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There are three main Attraction factors of MMORPGs that encourage time investment and personal attachment. One of these is the elaborate rewards cycle inherent in MMORPGs that works like a carrot on a stick. Rewards are given very quickly in the beginning of the game. You kill a creature with 2-3 hits. You gain a level in 5-10 minutes. And you can gain crafting skill with very little failure. But the intervals between these rewards grow exponentially fairly quickly. Very soon, it takes 5 hours and then 20 hours of game time before you can gain a level. The game works by giving you instantaneous gratification upfront and leading you down a slippery slope. And it overlays different reward cycles so you're always close to some reward - whether this be a level, a crafting skill, or a quest.

The game is set up to make you want the next best thing. "Oh look what that guy has! How do I get that?" The answer is always to spend more time online either getting higher level to go camp the item, or to just go camp the item (or slight variation, camp the quest items that result in the new item). But you are rewarded for playing more. Better items, more freedom on where you can go. [m, 21]

A more elaborate analysis of the rewards cycle can be found in the Virtual Skinner Box essay.

The other main Attraction factor is the network of relationships that a player accumulates over time. There are several reasons why relationships of a platonic or romantic nature occur so frequently in MMORPGs. The anonymity and computer-mediated chat environment facilitates self-disclosure, and many players have told personal issues or secrets to online friends that they have never told their real life friends or family. The high-stress situations inherent in the game also help build trust and bonds between players very rapidly. Of course, another important reason is that the games were designed so that you have to group to achieve most goals. You can find a more elaborate analysis of the formation of online relationships in the Online Relationships presentation.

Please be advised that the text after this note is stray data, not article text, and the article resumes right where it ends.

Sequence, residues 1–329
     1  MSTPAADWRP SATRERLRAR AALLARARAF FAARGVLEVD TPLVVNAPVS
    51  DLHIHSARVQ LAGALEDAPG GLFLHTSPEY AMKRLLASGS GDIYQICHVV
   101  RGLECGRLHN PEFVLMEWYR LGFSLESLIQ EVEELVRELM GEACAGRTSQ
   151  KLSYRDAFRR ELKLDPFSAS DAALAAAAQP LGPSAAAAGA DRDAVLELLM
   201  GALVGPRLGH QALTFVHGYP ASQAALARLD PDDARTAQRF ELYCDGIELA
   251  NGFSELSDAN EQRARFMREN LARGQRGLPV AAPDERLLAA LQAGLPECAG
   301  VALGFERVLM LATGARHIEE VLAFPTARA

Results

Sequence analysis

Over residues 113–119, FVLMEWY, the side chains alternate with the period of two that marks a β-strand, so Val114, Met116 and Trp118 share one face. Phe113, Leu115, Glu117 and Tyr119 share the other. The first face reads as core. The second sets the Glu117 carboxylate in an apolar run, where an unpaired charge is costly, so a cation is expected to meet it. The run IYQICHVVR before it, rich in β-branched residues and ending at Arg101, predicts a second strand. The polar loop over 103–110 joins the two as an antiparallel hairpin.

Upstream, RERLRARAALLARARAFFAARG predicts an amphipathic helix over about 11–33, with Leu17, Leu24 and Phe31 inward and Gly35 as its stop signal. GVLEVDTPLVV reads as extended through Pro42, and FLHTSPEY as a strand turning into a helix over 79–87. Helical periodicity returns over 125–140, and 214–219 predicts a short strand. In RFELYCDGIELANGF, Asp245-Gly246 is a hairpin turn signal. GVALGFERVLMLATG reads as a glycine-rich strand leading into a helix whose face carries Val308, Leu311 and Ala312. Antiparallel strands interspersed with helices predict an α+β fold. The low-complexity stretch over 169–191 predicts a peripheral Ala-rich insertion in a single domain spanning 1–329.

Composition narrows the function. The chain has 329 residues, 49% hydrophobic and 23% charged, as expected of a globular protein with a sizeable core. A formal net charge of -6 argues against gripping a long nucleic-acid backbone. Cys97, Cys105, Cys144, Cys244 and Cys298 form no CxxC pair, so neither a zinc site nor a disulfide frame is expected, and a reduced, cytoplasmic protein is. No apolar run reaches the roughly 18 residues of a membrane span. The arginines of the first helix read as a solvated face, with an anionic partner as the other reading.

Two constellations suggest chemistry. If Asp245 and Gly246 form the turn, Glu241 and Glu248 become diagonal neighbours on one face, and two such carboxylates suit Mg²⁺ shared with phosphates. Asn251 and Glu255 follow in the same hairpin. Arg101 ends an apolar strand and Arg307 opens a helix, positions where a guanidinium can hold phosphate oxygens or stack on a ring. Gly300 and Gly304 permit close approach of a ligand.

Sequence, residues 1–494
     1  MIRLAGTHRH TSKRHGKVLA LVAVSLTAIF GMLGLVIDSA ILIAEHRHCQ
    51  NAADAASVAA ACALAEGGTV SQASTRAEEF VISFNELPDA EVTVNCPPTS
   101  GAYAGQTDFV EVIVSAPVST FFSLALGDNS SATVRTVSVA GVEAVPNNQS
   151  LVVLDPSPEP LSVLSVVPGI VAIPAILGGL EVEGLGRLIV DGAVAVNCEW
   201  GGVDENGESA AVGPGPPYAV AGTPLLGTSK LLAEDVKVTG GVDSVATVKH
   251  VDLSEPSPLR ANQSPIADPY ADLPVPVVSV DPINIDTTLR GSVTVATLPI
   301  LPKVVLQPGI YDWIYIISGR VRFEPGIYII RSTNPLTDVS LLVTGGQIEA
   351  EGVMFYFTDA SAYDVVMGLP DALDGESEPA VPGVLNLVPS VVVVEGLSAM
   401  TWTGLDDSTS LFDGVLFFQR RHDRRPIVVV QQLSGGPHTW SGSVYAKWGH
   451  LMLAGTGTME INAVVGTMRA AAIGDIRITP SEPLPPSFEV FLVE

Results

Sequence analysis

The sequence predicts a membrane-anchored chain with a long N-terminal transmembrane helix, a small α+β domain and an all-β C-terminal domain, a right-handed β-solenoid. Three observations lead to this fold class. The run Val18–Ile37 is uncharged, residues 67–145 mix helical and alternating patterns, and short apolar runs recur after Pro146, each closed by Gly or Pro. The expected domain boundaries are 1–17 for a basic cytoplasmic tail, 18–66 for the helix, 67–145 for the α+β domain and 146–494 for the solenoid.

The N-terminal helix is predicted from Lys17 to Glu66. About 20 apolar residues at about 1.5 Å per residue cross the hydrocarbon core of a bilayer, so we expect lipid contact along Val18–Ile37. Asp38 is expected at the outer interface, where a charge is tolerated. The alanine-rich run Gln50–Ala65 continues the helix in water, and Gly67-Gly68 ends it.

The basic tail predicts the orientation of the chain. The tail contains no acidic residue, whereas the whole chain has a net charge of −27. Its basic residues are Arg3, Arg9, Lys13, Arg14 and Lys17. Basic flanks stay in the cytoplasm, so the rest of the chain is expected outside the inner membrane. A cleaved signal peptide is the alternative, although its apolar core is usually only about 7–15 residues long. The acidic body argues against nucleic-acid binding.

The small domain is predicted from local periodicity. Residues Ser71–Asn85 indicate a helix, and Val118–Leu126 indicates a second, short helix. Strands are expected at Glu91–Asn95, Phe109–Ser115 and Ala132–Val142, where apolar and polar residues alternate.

A network of online friends encourages players to invest more time to the game for several reasons. First of all, a player now plays to catch up or remain around the same level as their friends. The pace is set by the player that levels the most, and oftentimes causes a chain reaction of others trying to catch up. Secondly, a playing schedule, whether tacit or explicit, may be created and there is an expectation that each player will show up to join the group. And finally, the more friends you have, the more obligations you have to fulfill. If you play a cleric, you may be asked for rezzes. If you play a druid, you may be asked for teleports. And many of these requests take a substantial amount of time, but this is all part of the normal expectations of what friends do for each other. Being in a guild is one way in which these obligations become structured and recurring. Thus, having a network of friends encourages both a higher level of personal attachment and time investment.

The third, and final, Attraction factor is the immersive nature of these virtual environments. This factor works by encouraging players to become attached to their characters and the virtually valuable items that they own. The immersive nature also encourages players to become personally invested to what happens to their characters, and to be empathetic towards their characters. In the same way that a movie or fairy-tale enchants you, the immersive quality of MMORPGs tries to enchant you with a fantasy, and make you feel that you are part of something grand and extraordinary.

Clearly, these three Attraction factors are not equally attractive to different players. Data collected for the Facets study showed that individuals who are competitive, aggressive and rational are more likely to be interested in the achievement and rewards cycle of the game. Female gamers are more likely to be interested in the relationship aspect of these games. And gamers who are imaginative and open-minded are more likely to be interested in the immersive quality of MMORPGs.

Copyright, October 2002, by Nicholas Yee

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